I arrived at the boat on Saturday with a full day planned out only to find the tent over the cabin top and foredeck inverted into a swimming pool. We’ve had a series of nasty thunderstorms nail the Mid-Atlantic region over the last month or so. On Friday, we got hit with 3″ of precipitation in two storm events over six hours! But since they were thunderstorms, all of that rain was actually packed into downpours lasting only 30 minutes each. The winds were pretty severe, too, gusting to 53mph. During one of the storms, I’m guessing one of the center tent frame fittings snapped, which caused the highest point of the plastic to sag. Water flows downhill and the rest, as they say, is history.
Fortunately, the toe rail was protected by four heavy coats of Imron MS1 on Wednesday and four more on Thursday. Nothing on the boat was damaged and, looking at the bright side, I had an opportunity to test the runoff capacity of the scuppers at the aft end of the toe rail. When I put a shoulder to the plastic and pushed up, several hundred gallons of rain water drained very quickly down the side decks without flooding the helm area. Yea!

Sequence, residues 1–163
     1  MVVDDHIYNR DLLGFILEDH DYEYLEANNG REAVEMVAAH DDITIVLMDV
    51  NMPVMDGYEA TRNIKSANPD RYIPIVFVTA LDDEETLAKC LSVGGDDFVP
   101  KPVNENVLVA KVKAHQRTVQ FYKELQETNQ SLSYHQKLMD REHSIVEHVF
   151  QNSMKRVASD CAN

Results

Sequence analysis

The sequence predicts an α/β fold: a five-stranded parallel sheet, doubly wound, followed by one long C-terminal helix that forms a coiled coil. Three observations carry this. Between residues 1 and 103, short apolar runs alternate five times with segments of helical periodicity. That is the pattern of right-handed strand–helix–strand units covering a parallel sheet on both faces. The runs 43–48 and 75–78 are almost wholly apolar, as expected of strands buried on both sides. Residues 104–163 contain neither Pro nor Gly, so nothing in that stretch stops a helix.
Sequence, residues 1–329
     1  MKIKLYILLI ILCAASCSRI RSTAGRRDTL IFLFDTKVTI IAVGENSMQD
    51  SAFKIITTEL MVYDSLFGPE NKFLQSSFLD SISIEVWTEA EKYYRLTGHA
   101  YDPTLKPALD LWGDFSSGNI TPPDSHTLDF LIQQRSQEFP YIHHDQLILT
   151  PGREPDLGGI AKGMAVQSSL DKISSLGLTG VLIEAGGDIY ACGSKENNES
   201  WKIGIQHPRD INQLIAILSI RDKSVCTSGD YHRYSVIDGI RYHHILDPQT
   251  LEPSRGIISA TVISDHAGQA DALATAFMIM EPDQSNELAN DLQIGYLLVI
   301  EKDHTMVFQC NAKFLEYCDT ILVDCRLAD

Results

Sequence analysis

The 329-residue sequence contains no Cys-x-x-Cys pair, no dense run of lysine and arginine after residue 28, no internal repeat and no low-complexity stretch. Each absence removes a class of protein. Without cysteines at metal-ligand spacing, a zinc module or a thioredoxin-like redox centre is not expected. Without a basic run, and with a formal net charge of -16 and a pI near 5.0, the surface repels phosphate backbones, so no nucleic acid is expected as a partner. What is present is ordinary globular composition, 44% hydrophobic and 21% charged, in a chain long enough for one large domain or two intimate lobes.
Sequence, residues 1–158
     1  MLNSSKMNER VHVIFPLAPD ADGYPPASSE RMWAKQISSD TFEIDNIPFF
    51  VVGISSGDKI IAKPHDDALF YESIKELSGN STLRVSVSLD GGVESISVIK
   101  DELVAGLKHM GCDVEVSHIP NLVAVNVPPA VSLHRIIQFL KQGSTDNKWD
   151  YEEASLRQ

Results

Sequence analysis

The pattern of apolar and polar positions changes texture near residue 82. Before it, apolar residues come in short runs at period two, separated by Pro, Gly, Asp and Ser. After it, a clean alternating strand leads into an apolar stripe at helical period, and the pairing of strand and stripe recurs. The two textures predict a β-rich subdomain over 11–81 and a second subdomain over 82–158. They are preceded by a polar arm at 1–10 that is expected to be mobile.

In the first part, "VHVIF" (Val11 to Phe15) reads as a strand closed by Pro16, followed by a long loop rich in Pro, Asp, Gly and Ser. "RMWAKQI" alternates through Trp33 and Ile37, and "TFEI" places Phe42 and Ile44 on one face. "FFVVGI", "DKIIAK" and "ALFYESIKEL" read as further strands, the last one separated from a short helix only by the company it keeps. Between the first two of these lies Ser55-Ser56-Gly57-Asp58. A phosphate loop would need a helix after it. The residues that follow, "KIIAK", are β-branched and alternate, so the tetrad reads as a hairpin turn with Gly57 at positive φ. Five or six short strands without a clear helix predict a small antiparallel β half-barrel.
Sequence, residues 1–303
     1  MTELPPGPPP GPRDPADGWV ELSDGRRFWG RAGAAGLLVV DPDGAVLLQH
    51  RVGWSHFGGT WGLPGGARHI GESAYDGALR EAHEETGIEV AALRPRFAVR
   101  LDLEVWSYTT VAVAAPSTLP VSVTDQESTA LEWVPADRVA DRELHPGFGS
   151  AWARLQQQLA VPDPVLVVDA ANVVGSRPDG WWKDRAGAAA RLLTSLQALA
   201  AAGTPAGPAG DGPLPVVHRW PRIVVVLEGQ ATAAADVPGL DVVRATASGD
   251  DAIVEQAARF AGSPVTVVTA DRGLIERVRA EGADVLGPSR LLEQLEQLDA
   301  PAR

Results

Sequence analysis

I originally used 45° joints on the upright PVC pipes and 22° joints at mid-span and the center. This combination gives a fairly flat roof and less sail area, with just enough arc that normal amounts of rain run off easily. While the 45° joints are deep, with 1.5″ of pipe glued inside the joint, the 22° ones only have a 1/2″ glue joint. The combination of torrential rain, high wind and relatively weak joints on a roof with inadequate pitch proved to be problematic.
With a bunch of new PVC connectors (the deep kind!) and 45° fittings, I repaired the tent frames and repitched the roof. My concerns about sail area from a tall roof have been trashed; let’s see if a steep pitch makes the tent more durable.
I still have to replace the joints on the one flat-roof frame that didn’t break, but the four steep frames re-tensioned the tent plastic reasonably well. I was able to close up the torn section of plastic at the front of the boat with 4″ shrink tape. On par for the season, two more storms came rolling through on Sunday, the day after I finished the repairs. So far, it looks like she’ll hold.